Every state has a medical board. While there are some differences from state to state, they are all alike in that their primary job is to protect the public from bad doctors. They have been failing at this job for many years and continue to fail today. Although it is not alone, I am going to focus today on the Arizona Medical Board. It is emblematic of boards across the country.
The Arizona Medical Board describes its mission as “To protect public safety through the judicious licensing, regulation and education of all allopathic physicians.” Allopathic physicians are M.D.’s. There are similar boards for osteopaths, chiropractors, naturopaths and podiatrists. All of them profess essentially the same mission of protecting public safety. All of them have the same failings.
Generally, medical boards do a good job of evaluating brand new doctors and issuing licenses to them. They also do a good job of requiring that doctors take courses intended to keep their skills up-to-date. These courses are called CME for Continuing Medical Education.
We have now exhausted the areas in which the medical boards to a good job.
Perhaps the most important area of failure for state medical boards has to do with licensure. While some are better at it than others, you can find repeated instances of doctors credibly accused of wrongdoing in one state just pulling up stakes and moving on to another state and getting licensed there. Nothing like a nice, fresh start somewhere where no one knows about your past problems.
Sometimes this is the result of the new state failing to investigate the conduct of the doctor in her former state. Sometimes this happens because the doctor cut a deal with the old state to leave quietly in return for the old state’s medical board not publicizing his wrongdoing. Sometimes it is the doctor’s old hospital or practice that agrees to keep things quiet in return for the doctor leaving the state and not contesting the allegations of wrongdoing. After all, who needs bad publicity? Better to let this doctor go hurt people in another state than to see your name in the newspaper or on TV associated with physician misconduct.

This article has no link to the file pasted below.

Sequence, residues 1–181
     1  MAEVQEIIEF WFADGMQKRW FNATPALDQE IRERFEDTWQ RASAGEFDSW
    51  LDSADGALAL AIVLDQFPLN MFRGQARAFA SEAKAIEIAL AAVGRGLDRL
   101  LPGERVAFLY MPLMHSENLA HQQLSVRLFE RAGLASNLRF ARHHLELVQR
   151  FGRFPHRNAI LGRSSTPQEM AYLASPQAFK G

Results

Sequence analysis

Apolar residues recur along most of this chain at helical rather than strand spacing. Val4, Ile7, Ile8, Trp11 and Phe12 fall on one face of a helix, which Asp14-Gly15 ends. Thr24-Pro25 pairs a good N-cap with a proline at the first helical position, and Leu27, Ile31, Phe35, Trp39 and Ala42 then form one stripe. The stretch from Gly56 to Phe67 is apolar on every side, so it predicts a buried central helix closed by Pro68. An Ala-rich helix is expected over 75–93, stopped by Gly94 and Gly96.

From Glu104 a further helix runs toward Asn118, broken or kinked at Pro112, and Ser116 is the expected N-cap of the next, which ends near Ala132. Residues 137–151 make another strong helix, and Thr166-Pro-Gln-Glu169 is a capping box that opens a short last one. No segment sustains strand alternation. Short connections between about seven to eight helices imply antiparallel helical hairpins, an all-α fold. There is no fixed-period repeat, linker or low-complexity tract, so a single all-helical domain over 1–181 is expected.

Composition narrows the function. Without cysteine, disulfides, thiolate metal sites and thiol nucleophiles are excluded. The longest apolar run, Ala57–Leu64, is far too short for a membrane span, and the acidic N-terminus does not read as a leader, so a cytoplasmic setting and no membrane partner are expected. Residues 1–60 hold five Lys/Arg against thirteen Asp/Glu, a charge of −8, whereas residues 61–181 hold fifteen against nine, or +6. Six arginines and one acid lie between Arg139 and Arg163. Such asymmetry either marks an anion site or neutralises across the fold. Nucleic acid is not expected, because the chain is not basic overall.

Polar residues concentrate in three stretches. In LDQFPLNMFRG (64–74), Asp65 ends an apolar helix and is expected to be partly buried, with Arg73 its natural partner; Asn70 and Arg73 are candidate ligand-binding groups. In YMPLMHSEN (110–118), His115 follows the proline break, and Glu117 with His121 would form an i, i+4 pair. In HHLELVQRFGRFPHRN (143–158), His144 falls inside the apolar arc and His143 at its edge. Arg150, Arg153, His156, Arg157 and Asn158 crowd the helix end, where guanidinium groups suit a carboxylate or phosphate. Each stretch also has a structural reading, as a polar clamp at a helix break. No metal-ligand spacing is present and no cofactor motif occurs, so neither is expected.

Once a doctor has a license in a state, it is pretty hard to lose it, although there are some ways. One good way is to be convicted of a crime. The medical board can’t very well ignore that. Another good way is to be discovered to have a drug or alcohol abuse problem. Medical boards are very aggressive with these doctors.
What about other actions that endanger the public? Allegations from the public of poor medical care? Not much of a concern to the medical board. Allegations of medical malpractice, even when proved in court? Not so much either. There are some doctors in Arizona who have been sued repeatedly for malpractice and who are still allowed to practice. This is even more disturbing when you consider that very few instances of malpractice end up being the subject of a lawsuit. Doctors who are sued frequently for malpractice have usually left behind a trail of damaged patients.
So why are these doctors allowed to continue to practice? In addition to patient complaints of malpractice made directly to the board, all malpractice lawsuits are reported to the medical board. They know who these people are and what they are doing. The answer, in my experience, is twofold. In the first place, the medical board is controlled by doctors. They have a lot of sympathy for their fellow doctors. They know how hard it is to be a doctor and how difficult it is to please all patients. There is a sense of “There but for the grace of God go I,” which appears to affect their review of the conduct of other doctors. There is no such sympathy for the injured patients.
The second reason bad doctors are allowed to continue to practice is that medicine is a lucrative profession. Faced with the possible loss of position, prestige and income, doctors hire smart, experienced, capable counsel to represent them before the medical board. These lawyers know the ins and outs of the medical board. They know what plays well before the board. They know how to go about finding expert witnesses to testify in front of the board about how what the doctor in question did was not malpractice or, if it was, was just a little thing which should not affect the doctor’s license. These lawyers frequently send their clients off to take additional training about the area of malpractice so, when the hearing comes, they can show how proactive the doctor has been in correcting the problem. “See what the doctor has done to improve herself? She knows better now. You can be assured this won’t happen again.”
Surely, there is a better way to protect the public from malpracticing doctors. The Arizona Medical Board has shown it is not up to the task.